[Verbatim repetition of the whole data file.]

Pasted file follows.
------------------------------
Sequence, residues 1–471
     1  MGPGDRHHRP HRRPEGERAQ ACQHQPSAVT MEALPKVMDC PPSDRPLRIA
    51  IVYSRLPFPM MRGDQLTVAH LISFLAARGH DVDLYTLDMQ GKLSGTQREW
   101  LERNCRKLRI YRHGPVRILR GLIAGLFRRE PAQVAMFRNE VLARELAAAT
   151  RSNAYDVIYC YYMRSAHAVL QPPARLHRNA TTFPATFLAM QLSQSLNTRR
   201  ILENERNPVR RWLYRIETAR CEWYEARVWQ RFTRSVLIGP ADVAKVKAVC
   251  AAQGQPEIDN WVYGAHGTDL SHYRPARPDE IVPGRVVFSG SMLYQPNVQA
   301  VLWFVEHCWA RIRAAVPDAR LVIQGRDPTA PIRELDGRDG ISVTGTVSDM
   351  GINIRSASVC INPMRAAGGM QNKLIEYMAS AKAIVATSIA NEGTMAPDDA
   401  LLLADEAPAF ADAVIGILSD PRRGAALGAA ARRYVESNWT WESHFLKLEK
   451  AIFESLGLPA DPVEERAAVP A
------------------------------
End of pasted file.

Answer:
Sequence, residues 1–471
     1  MGPGDRHHRP HRRPEGERAQ ACQHQPSAVT MEALPKVMDC PPSDRPLRIA
    51  IVYSRLPFPM MRGDQLTVAH LISFLAARGH DVDLYTLDMQ GKLSGTQREW
   101  LERNCRKLRI YRHGPVRILR GLIAGLFRRE PAQVAMFRNE VLARELAAAT
   151  RSNAYDVIYC YYMRSAHAVL QPPARLHRNA TTFPATFLAM QLSQSLNTRR
   201  ILENERNPVR RWLYRIETAR CEWYEARVWQ RFTRSVLIGP ADVAKVKAVC
   251  AAQGQPEIDN WVYGAHGTDL SHYRPARPDE IVPGRVVFSG SMLYQPNVQA
   301  VLWFVEHCWA RIRAAVPDAR LVIQGRDPTA PIRELDGRDG ISVTGTVSDM
   351  GINIRSASVC INPMRAAGGM QNKLIEYMAS AKAIVATSIA NEGTMAPDDA
   401  LLLADEAPAF ADAVIGILSD PRRGAALGAA ARRYVESNWT WESHFLKLEK
   451  AIFESLGLPA DPVEERAAVP A